In the United States, Crawford Greenewalt had served science on the opposite side of the war effort. A dozen years after the German ornithologists published, Greenewalt picked up the thread of their investigation. His wife, Margaretta, had become interested in bird-watching, and from her, Greenewalt caught what he called “hummingbird fever.” His hummingbird photographs were first published in the November 1960 issue of National Geographic.
Today, Anand Varma continues this legacy by filming hummingbirds like never before: with a 4K camera that is capable of capturing the bird at 3000 frames per second. This behind the scenes video gives a sneak peak into Varma’s process and passion. To read the entire July 2017 article on hummingbirds, click here.
You can see the video here at Nat Geo’s Site:
What It Takes to Film Hummingbirds in Slow Motion:
This video was based on research done by Clark lab at US Riverside, Dudley lab at UC Berkeley, and the Altshuler lab at the University of British Colombia. The photographer would also like to thank Victor Ortega-Jimenez, Katie Johnson, Sean Wilcox, David Rankin, Nicholas Donnelly, and Tom Adams. Learn more about photographer Anand Varma and his work here.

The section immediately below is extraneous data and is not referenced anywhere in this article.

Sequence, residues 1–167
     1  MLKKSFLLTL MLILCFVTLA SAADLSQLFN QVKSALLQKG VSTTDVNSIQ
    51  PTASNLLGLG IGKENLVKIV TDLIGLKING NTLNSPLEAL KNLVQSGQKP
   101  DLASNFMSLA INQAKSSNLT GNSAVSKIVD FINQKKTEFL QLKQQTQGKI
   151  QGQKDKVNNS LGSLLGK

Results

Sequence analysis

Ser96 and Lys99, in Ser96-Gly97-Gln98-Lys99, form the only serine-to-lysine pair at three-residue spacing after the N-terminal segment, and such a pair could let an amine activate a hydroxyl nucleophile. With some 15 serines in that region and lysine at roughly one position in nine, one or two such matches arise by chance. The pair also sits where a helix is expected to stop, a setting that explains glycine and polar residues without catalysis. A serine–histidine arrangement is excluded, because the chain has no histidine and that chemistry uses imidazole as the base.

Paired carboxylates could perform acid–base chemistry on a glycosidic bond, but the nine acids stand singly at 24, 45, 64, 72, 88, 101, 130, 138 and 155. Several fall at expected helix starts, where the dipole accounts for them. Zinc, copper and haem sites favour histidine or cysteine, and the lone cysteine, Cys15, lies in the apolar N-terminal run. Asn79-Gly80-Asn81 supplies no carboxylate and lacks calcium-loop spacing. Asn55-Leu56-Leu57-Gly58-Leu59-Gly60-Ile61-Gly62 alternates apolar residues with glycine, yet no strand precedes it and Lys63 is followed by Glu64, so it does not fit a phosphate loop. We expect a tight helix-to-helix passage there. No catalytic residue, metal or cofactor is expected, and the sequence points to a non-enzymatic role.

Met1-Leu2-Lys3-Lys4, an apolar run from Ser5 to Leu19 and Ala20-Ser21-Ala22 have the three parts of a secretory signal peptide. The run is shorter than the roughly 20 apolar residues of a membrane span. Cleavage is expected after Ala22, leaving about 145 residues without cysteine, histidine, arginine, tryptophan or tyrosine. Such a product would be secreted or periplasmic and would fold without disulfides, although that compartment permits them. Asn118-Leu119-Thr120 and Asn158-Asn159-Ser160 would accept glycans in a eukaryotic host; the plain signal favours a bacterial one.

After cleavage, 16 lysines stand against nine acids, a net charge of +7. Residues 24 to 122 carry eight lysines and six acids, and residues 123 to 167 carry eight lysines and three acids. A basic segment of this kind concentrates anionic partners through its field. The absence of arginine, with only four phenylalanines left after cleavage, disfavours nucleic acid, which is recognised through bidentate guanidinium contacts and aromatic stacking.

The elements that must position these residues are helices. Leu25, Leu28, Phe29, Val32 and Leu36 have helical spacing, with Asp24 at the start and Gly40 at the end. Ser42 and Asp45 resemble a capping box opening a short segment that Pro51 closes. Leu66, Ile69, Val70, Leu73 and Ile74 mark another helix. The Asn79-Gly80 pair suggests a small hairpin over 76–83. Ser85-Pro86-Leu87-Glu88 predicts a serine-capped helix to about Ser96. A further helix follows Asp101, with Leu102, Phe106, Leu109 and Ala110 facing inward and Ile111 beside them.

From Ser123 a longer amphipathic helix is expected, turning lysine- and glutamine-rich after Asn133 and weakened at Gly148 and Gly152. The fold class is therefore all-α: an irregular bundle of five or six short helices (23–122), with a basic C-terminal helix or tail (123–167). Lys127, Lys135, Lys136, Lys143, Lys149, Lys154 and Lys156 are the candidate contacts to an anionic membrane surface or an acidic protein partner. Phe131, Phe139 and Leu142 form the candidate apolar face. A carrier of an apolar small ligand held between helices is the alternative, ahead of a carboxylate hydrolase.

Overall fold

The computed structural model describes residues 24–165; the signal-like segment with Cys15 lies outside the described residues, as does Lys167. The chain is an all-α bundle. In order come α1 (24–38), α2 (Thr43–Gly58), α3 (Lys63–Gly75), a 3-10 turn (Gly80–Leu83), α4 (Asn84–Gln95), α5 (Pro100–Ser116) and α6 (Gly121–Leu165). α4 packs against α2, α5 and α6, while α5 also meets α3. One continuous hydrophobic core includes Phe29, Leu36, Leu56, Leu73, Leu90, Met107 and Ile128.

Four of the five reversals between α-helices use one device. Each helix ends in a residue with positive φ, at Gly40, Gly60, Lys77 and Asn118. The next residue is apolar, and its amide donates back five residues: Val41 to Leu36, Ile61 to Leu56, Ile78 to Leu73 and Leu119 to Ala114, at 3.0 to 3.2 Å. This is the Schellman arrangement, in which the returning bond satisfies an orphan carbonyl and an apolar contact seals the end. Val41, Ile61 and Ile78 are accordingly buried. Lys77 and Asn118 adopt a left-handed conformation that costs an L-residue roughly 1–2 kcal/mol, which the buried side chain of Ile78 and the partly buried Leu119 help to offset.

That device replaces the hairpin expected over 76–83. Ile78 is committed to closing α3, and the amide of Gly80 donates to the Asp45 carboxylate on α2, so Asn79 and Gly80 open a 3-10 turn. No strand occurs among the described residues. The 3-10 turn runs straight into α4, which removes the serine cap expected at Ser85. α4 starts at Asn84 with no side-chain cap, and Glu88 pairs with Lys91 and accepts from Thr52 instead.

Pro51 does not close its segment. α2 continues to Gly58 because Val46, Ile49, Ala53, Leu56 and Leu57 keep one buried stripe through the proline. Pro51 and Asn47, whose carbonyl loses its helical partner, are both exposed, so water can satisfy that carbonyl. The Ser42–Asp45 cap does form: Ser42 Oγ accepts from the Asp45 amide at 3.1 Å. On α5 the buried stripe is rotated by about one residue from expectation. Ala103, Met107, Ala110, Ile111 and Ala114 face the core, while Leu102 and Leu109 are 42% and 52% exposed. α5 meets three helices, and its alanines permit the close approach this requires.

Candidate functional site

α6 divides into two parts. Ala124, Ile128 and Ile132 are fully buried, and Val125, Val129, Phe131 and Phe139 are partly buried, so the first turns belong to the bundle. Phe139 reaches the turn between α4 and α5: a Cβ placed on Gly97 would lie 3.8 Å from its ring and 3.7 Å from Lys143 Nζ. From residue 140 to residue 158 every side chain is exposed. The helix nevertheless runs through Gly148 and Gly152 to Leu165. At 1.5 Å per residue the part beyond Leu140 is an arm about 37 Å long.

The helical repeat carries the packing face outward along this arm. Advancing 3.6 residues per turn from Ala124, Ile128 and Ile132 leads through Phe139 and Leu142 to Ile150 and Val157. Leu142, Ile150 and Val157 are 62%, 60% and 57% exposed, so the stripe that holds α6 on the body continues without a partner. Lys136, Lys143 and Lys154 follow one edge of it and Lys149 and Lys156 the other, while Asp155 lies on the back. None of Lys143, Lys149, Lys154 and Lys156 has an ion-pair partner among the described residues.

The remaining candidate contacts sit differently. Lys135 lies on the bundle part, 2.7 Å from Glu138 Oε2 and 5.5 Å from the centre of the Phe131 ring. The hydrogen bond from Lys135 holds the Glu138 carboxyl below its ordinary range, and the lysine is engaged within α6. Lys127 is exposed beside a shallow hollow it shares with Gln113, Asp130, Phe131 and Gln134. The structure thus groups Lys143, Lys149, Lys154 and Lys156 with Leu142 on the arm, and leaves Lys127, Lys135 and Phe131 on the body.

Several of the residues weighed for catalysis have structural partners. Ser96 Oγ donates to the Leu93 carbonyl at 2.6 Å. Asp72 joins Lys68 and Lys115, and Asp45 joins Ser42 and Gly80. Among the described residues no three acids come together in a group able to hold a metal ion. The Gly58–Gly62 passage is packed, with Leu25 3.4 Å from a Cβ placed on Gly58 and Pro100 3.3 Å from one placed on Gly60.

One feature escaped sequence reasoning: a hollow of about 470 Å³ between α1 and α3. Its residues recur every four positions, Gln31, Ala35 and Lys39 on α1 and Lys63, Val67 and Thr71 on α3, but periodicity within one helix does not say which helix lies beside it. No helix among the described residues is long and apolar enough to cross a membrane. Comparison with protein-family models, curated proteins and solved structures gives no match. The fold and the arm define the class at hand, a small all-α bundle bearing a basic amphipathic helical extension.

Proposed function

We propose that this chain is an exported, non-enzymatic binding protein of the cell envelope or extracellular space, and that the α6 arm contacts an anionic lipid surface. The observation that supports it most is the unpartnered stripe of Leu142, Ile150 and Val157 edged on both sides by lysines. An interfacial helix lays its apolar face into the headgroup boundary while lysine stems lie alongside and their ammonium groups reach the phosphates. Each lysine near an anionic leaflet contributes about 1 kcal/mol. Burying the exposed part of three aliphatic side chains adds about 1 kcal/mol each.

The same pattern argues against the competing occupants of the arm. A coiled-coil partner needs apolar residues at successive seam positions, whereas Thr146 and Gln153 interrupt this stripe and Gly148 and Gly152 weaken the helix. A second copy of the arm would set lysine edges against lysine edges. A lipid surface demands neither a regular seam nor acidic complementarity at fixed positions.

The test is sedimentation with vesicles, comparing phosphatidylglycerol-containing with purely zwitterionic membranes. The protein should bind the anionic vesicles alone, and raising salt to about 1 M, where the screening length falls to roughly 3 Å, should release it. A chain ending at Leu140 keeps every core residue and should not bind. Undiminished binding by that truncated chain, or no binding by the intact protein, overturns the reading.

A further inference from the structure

Here is one more video from the series that you may be interested in:
See Hummingbirds Fly, Shake, Drink in Amazing Slow Motion Video http://video.nationalgeographic.com/video/magazine/170706-hummingbirds-anand-varma-slow-motion
The Phantom Flex 4k camera has made a big splash in TV, Film and Youtube with it’s amazing 4k resolution at 1000fps with a large S35mm sensor. However the first iteration of the camera only had a very fast reading; but in the end a rolling shutter sensor. This made the camera an option for visual recording only; leaving scientific research at 4k out of the realm of the camera due to distortion.
That changes today with the Phantom Flex4k-GS which offers the option to use the sensor in both rolling shutter and Global Shutter mode which is a first on a camera of this resolution. Now scientists can use the resolution prowess of the camera to examine minute detail that needs extreme speeds to be recorded.
Phantom Flex4K-GS Main Specs:
- 9.4 Megapixel resolution
- S35 Sensor 27.6 mm x 15.5 mm – 31.7mm diagonal
- 4K at up to 1,000 fps
- 2048 x 1080 max speed is 1977 fps
- Super-16mm windowed format at 1920 x 1080
- Global Shutter (GS), Switchable to Rolling Shutter (RS)